AT&T Finally Offers a Day Pass for International Usage

Posted on January 24, 2017 by Paul Thurrott in Cloud, Mobile with 18 Comments

AT&T Finally Offers a Day Pass for International Usage

I’ve spent the past year singing the praises of Google’s Project Fi, especially for international usage. But now AT&T is dragging its feet into the 21st century, and finally offers a relatively inexpensive International Day Pass.

This is important to me because I travel a lot, and international phone usage—especially for data—has always been prohibitively expensive. But it’s getting better. Finally.

Not as good as Project Fi, of course. As I noted in my Google Project Fi Review, international use is seamless: You just take your phone to a new country and use it, and all your usage goes against your normal plan. (The one exception is phone calls, which are an additional 20 percent per minute for the most part.)

This is a sweet deal, and I’ve now had three international trips—to Toronto, Paris, and Amsterdam/Haarlem—to prove it. On that Paris trip, using AT&T’s normal international pricing would have cost me about $1050, but on Project Fi, the cost for the same usage came to about $70. (Verizon would have been even worse: $1765.) In The Netherlands, my total cost was about $20 for one week. I mean, seriously.

The big wireless carriers—AT&T and Verizon here in the U.S.—are slow moving, but they respond eventually. (And of course, it’s not just Project Fi nipping at their heels: T-Mobile in 2016 offered incredible promotional pricing on international data usage that may or may not be indefinite.)

So Verizon in late 2015 began offering a TravelPass plan for international travelers that costs $10 per day and provides you with normal access to your phone, texting, and data plans. (It’s only $2 per day in Mexico and Canada.) As noted in my Paris trip overview, it’s still not as cheap as Project Fi—not even close, really—but much better than in the past.

AT&T, ever the laggard, has just copied the Verizon TravelPass plan with a new International Day Pass of its own. Like the Verizon plan, it costs an additional $10 per day and lets you use your existing phone, texting, and data plans. As with that Verizon plan, it cannot touch Project Fi, but it is much less expensive than AT&T’s normal international plans.

Calculating the proof of this is tedious, but let’s say I use my existing 3 GB AT&T plan in Europe for two weeks and never exceed that limit. On AT&T, this would cost me $140 over my normal monthly bill. On Project Fi, this would cost me $20 over my normal monthly bill plus whatever phone calls I make. (Typically just a few dollars worth.)

Is seven times the cost a good deal? Actually, yes. $210 for two weeks of normal phone usage internationally is a great deal, and easy to justify. You get to use your real phone number and, in my case, the phone I actually want to use. (Fi is limited to certain Android models only.) Is it a good deal, financially, compared to Project Fi? No, of course not.

Still, lower prices are always good, as are options.

 

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Comments (19)

19 responses to “AT&T Finally Offers a Day Pass for International Usage”

  1. 5234

    Those burgers look a little....ripe.

  2. 661

    not to nit pick -- well just a little

    "$210 for two weeks of normal phone usage internationally is a great deal, and easy to justify."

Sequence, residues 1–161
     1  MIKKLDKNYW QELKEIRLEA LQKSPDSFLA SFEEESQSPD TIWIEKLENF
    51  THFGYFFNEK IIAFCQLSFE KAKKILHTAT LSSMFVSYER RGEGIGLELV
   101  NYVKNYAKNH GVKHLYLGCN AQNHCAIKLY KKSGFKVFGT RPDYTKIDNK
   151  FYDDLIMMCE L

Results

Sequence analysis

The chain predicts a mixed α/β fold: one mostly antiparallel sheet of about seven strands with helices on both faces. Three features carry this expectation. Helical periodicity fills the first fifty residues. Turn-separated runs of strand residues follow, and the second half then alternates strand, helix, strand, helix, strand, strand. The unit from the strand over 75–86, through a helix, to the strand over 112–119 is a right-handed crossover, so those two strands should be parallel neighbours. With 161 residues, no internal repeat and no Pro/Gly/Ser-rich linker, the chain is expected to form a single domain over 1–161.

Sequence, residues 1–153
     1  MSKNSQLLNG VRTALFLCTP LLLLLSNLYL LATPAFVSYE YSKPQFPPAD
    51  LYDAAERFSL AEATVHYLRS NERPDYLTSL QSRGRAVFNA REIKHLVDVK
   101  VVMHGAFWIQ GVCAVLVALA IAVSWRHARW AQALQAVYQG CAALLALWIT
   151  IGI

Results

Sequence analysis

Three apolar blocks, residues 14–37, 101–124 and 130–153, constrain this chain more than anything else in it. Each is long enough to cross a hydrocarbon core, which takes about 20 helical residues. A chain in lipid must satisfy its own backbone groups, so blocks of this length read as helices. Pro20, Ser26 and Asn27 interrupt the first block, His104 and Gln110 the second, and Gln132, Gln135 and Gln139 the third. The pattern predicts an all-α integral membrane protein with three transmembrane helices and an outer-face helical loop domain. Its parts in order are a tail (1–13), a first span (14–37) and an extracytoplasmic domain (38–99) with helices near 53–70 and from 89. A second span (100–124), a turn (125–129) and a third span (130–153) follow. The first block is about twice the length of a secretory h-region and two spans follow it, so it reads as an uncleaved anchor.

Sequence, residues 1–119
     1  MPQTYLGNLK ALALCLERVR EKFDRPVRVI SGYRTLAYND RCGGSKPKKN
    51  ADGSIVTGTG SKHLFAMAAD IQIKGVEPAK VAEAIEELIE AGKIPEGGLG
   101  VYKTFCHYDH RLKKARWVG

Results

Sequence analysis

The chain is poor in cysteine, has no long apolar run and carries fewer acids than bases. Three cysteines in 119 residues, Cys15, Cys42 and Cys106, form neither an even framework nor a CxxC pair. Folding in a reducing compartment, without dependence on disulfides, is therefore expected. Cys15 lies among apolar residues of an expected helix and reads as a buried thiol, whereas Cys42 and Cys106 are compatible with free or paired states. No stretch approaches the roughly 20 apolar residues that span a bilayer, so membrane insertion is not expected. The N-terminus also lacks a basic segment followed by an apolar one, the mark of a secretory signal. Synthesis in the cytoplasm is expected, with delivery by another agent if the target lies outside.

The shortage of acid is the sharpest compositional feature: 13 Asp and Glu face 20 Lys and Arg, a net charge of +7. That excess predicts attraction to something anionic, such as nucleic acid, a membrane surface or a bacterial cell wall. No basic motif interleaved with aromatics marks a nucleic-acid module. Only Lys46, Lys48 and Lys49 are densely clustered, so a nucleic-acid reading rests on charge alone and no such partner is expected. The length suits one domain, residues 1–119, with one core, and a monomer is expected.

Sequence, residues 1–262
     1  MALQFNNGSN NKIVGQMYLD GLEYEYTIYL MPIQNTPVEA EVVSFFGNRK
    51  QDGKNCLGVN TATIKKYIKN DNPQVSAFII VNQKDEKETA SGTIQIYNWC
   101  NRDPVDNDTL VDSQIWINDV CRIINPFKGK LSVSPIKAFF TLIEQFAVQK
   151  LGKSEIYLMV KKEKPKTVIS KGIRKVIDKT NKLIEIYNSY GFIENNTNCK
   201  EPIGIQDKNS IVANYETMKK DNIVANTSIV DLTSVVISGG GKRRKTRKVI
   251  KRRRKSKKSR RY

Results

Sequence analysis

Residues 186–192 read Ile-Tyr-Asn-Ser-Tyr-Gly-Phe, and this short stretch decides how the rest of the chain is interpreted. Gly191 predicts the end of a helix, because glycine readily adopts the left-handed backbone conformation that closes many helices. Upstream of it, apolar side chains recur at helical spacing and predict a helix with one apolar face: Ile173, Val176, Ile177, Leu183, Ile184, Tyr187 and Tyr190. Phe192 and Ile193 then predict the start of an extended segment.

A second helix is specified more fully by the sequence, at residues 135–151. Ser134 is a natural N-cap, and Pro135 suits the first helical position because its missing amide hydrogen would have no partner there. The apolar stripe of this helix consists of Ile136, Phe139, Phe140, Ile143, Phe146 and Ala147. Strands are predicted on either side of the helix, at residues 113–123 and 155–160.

did you mean to say $140

    Also - AT&T added Canada & Mexico to my plan as a free addition which I will experience for the first time in a Cancun visit in June. I hope I do not have any surprises when I come home

     

  3. 4195

    I got excited reading the article as I have a trip to Mexico next week.  I called up AT&T wanting to see if it was true that I could fork over $70 and get a week in Mexico "as if I were in the US".  After being put on hold a couple of times the rep said that "for Mexico, it's included for free, no extra charge".  I didn't pay for some "extra" plan -- this is the first time I've ever gotten something for free from a telco.  I asked if the same were true for Canada -- sadly no, you have to pay there.  Go figure.

  4. 5664

    My solution to the problem of overseas roaming is simple: I can't afford to travel. But it is good to know that things are getting better, so when I'm finally able to take a trip somewhere, the ride I take won't be courtesy of the phone company.

  5. 1002

    I just used my Project Fi phone (a Nexus 6P) in Malaysia and Australia and it worked great, even in smaller locations in Malaysia (Kuching, Miri) and along the Sunshine Coast in Australia. I used the phone as a hot spot for my laptop, my  iPad and even for my other Nexus 6P, which is on AT&T.

  6. 5615

    If you used Google Voice (on a wifi or cellular *data* connection) to make your phone calls to other phones in Europe, most calls are 1¢ to 3¢ per minute. One or two countries might cost you 7¢ or 8¢ per minute to mobile numbers, but for the most part it's 3¢ or less. Not too shabby.

  7. 6190

    "(The one exception is phone calls, which are an additional 20 percent per minute for the most part.)"

    Did you mean an additional 20 cents per minute?

  8. 5234

    I'm good with my $55/mth (CAD...that's $41.81USD) for 1GB and unlimited US and Canada calling and global texting.  In the GTA (Greater Toronto Area), you get an extra 8GB of data too.  For Canada, that's a really good deal.

  9. 6555

    I just canceled Fi and went back to AT&T, it was that bad. I love the idea of how it works and especially internationally, but the service is horrible if you actually want to make calls.

  10. 5215

    In reply to Simard57:

    I think he added in what a normal week on his plan would cost.  It's $140 in addition to what is normally paid for that time.

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